Errrrrr asked 4 months ago

    Before Covid-19, we conducted a road safety study using the most current data available at that time. Over the 36 months leading up to December 2019, the data indicated a concerning trend of pedestrian, cyclist, and motorbike collisions at specific points within the junction. Notably, serious pedestrian incidents occurred at the left turn slip from Old Marylebone Rd and the pedestrian crossing of Sussex Gardens. Additionally, the data highlighted incidents involving cyclists and motorbikes, which led to serious injuries:

    Data source: 36 months to December 2019:

    • Total number of collisions: 17
    • Total serious casualties: 6 
    • 5 cyclist casualties (2 serious) 
    • 8 pedestrian casualties (2 serious)
    • 3 Powered Two Wheelers (P2W) casualties (2 serious)
    • 2 Other vehicles casualties
    • Additionally, there was one pedestrian fatality between Burwood Place and Sussex Gardens.


    Then in March 2020, due to COVID-19, many of our schemes, including the A5 Sussex Gardens, were put on hold because of uncertainty surrounding funding. When the scheme restarted, the impact of the pandemic complicated our collision data, and the latest data available no longer accurately represented typical travel patterns for the following years.  The most recent pre-pandemic data only extends until March 2020, offering minimal additional insights in comparison to the above.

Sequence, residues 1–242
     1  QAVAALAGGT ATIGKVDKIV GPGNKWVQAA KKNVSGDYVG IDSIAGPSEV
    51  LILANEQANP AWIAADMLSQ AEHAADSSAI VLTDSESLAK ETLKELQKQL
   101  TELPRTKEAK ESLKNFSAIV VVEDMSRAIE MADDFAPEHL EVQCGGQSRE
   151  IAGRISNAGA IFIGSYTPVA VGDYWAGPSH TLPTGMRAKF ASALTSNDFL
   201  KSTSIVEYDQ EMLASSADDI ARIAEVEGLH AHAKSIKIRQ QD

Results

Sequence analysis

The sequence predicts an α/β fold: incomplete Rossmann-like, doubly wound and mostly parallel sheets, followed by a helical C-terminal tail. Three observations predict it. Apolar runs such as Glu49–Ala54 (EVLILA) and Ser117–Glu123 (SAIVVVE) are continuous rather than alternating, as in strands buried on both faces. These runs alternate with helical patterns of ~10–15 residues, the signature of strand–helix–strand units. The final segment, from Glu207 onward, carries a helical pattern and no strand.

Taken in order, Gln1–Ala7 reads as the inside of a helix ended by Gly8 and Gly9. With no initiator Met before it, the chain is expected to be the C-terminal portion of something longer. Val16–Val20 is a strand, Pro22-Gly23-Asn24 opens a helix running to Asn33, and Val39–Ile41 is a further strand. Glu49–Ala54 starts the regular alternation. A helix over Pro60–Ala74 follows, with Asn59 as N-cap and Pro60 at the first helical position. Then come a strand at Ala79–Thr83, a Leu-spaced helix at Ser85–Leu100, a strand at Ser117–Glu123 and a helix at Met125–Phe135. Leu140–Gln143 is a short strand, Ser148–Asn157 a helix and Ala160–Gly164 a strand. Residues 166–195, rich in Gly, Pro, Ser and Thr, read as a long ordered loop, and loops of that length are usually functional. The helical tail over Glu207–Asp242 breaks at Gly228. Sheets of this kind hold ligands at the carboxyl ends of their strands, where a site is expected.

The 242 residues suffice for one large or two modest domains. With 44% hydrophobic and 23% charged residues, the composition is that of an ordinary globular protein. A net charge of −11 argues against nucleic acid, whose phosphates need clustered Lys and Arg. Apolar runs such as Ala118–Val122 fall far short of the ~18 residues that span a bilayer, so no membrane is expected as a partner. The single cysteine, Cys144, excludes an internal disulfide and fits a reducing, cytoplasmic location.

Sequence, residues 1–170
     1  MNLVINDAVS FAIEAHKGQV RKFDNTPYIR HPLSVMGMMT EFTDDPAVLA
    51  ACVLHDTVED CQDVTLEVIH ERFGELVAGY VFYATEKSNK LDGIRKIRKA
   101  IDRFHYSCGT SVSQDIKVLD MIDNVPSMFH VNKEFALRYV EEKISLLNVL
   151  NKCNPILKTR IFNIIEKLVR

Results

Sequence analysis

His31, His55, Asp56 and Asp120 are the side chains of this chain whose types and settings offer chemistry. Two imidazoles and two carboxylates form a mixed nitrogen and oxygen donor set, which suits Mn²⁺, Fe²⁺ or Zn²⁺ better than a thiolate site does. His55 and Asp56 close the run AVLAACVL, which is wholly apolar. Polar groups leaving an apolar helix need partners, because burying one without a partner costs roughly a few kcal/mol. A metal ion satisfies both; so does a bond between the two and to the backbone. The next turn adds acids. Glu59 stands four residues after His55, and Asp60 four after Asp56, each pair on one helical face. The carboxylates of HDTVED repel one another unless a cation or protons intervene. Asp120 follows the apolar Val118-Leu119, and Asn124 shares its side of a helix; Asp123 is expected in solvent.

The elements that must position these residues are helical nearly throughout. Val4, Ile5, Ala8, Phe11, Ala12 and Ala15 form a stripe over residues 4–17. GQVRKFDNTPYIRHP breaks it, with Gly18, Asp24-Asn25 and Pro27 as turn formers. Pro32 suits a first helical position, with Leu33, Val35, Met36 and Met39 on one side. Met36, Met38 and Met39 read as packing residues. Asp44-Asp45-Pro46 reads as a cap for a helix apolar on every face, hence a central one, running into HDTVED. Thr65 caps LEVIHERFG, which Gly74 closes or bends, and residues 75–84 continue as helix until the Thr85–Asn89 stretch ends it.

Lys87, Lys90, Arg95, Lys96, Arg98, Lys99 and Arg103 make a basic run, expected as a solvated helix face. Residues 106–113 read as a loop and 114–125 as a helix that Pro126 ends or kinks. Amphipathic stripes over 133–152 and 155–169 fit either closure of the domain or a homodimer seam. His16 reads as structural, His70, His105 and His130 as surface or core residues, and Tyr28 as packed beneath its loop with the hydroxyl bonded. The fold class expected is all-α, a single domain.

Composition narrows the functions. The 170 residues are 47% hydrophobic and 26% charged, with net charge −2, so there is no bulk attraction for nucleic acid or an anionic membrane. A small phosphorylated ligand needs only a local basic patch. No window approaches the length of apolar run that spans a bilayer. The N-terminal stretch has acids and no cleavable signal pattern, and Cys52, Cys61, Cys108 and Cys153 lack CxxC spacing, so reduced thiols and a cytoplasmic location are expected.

As a result, to ensure that our interventions and decisions are founded on the most accurate information, we have continued to rely on pre-pandemic data. However, ongoing discussions are in progress regarding post-COVID data and how we address the effects of the pandemic, including the impact of lockdowns and other related factors.

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    What does this mean: Our proposals include new cycle signals to help cyclists move through the junction. Cyclists turning right both into and out of Edgware Road, would do so in two ‘stages’ under the protection of cycle only signals.

    VincentStops asked 4 months ago

    On the traffic signal poles there will be small lights at eye level for cyclists. These signals will go green 4s before traffic starts. This helps cyclists to get moving in a stable manner ahead of traffic and be more visible to those cars wishing to turn left.

    The right turns at the junction are banned both in the current layout and in the proposal. They cannot be made by turning right across the approach lanes in the normal manner. They can only be made by cyclists in two stages by proceeding to the right turn pockets and waiting for the green signal of the following traffic stage. In the proposal the right turn pockets will be clearly signed both by road markings and signs on the approach. The option to perform a two stage right turn will be made safer by the cyclist early start signals. The cyclist early start signals will also be visible on the far-sided signals which can be seen from the right turn pockets.